Tuesday, April 12, 2011

Risk homeostasis, Munich Taxi-cabs and the Nanny State


There is an odd coexistence between two conflicting safety policies that may well be pursued by the same accident prevention agency. The first seeks to improve safety by alleviating the consequences of risky behaviour. It may take the form of seat belt installation and wearing, airbags, crashworthy vehicle design, or forgiving roads (collapsible lamp posts and barriers). This policy offers forgiveness for a moment of inattention or carelessness. The second policy seeks to improve safety by making the consequences of imprudent behaviour more severe and includes things such as speed bumps, narrow street passages, and fines for violations. Here, people are threatened into adopting a safe behaviour; a moment of inattention or carelessness may have a dire outcome. 

While these two policies seem logically contradictory, neither is likely to reduce the injury rate, because people adapt their behaviour to changes in environmental conditions. Both theory and data indicate that safety and lifestyle dependent health is unlikely to improve unless the amount of risk people are willing to take is reduced. (here - my emphasis)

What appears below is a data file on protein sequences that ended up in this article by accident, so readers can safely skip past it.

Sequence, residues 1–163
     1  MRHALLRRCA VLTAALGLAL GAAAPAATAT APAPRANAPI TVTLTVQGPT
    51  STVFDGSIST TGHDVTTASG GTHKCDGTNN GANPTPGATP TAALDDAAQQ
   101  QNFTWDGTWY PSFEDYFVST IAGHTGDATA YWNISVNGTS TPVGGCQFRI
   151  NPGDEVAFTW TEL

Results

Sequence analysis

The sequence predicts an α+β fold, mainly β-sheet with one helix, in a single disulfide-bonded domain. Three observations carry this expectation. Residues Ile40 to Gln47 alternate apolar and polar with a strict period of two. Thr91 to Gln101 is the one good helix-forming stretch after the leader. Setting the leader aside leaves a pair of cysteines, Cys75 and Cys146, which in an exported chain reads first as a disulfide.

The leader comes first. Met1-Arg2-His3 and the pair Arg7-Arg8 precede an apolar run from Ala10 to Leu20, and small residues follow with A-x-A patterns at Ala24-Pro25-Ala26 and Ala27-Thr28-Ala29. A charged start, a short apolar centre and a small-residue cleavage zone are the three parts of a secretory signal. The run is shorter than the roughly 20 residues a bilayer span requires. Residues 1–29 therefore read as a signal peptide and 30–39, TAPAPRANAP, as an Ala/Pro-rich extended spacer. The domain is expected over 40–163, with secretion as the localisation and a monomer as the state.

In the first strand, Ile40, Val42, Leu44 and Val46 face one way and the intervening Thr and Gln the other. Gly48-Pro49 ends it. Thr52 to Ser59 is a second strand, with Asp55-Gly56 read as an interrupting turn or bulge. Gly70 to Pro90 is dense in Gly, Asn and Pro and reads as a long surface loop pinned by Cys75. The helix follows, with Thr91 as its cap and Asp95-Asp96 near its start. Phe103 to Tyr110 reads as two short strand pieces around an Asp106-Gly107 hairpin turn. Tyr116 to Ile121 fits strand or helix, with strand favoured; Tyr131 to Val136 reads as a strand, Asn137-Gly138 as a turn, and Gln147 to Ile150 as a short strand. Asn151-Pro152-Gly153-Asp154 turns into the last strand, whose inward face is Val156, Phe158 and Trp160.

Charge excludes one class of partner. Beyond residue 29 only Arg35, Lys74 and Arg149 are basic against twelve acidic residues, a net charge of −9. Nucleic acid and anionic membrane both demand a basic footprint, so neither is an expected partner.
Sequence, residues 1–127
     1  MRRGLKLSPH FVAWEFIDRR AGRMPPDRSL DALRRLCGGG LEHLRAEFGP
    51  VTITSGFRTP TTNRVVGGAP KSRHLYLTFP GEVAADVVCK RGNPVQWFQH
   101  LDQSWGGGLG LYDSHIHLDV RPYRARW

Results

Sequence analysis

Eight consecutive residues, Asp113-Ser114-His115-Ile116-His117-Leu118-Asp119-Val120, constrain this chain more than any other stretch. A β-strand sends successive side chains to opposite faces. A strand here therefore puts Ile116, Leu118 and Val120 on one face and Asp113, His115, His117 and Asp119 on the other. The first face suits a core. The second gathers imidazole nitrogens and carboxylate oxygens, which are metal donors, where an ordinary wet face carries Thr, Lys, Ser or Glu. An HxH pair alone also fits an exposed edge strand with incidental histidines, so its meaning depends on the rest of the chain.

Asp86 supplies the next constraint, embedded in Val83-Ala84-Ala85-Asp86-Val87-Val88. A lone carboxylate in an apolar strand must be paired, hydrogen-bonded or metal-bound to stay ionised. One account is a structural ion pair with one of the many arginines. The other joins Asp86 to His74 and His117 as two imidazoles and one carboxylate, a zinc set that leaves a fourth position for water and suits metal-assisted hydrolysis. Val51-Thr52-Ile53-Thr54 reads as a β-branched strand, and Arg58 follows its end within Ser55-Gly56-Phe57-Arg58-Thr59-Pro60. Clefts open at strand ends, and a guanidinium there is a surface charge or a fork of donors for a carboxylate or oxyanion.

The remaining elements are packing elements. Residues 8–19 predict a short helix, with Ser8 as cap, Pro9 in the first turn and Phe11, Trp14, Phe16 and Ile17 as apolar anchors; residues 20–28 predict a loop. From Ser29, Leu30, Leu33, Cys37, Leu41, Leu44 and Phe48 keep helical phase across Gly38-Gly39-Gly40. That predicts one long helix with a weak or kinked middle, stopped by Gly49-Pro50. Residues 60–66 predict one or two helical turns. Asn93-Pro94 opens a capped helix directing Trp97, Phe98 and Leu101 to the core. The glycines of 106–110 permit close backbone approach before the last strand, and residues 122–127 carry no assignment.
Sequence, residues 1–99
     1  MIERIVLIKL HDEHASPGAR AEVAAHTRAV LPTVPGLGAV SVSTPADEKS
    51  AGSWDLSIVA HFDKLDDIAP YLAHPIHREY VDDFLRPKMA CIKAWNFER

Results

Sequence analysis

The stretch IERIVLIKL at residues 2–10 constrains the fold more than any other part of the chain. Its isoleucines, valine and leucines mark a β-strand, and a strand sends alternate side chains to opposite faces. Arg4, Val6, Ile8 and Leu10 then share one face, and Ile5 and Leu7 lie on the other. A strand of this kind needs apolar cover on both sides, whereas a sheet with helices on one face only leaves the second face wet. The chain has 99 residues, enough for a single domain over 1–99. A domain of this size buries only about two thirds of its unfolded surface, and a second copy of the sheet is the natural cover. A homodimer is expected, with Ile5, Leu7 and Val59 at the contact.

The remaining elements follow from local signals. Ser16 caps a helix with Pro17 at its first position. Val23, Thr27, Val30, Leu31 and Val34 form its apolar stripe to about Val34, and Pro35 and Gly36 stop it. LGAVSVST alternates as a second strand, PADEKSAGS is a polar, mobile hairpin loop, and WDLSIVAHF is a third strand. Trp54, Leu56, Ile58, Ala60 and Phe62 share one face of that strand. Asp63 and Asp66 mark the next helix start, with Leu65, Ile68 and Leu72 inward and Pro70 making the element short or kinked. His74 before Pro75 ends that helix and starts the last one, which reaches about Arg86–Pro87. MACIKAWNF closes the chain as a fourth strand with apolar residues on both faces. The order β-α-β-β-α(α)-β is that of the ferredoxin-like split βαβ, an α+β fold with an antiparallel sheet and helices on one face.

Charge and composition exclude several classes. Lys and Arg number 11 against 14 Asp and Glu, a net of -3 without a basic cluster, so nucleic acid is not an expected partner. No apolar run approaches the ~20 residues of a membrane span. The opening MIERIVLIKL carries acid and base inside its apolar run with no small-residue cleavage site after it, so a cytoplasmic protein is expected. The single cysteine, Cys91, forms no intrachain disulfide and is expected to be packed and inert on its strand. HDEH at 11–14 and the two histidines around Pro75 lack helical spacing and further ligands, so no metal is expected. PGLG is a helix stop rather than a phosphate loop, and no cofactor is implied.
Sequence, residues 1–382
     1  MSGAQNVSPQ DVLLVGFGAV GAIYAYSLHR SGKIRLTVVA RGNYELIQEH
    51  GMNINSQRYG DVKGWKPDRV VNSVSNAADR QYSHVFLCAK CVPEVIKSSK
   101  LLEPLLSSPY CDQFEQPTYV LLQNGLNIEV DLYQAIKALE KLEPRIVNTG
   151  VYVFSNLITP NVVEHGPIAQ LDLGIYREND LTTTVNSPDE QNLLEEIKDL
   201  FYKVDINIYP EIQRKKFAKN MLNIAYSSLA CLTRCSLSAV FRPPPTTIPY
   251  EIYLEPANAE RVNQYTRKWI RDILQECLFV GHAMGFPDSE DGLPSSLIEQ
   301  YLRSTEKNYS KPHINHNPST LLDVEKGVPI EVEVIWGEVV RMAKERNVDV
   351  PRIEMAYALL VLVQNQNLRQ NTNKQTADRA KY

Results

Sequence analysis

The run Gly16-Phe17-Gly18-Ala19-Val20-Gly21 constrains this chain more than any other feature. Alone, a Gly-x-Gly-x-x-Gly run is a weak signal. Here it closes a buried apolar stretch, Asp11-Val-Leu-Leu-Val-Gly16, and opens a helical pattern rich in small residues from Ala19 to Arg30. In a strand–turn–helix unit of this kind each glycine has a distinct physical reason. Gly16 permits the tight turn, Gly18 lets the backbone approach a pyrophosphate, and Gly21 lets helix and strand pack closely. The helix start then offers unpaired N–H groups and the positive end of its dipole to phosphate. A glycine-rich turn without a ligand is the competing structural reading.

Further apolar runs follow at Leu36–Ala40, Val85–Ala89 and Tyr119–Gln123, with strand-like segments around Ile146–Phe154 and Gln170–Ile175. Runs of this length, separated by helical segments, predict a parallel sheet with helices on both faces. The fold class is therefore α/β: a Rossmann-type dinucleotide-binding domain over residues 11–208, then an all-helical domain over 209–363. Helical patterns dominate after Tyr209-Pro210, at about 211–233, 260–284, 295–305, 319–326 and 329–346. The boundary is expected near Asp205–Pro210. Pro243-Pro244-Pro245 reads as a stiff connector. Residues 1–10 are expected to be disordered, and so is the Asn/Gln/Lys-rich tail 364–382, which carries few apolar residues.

The above passage points out a common logical absurdity, and contains an important lesson for Australian’s with and overeager obsession of controlling personal choices through ‘nanny state’ regulations. More on the nanny state a little later. 

First, it is important to examine the hypothesis of risk homeostasis to properly understand the implication of the opening quote, since it claims that neither of the two contradictory policies aimed towards improving safety are effective. 

The essential argument of risk homeostasis is that humans have an inbuilt level or risk that they gravitate towards in response to their external environment. If we reduce the risk of an activity, people will compensate by finding other risky activities as a replacement, or undertaking the activity in a more extreme manner. For example, if we ban smoking tobacco, which doesn’t seem like such a remote possibility, do we really expect smokers to replace their habit with fruit snacks and yoga? Or might they compensate by increasing their alcohol consumption or perhaps smoking dope instead. 

Risk homeostasis is not to be confused with risk compensation, which suggests that individuals will behave less cautiously in situations where they feel "safer" or more protected, but that we don’t necessary return to a predetermined risk equilibrium point.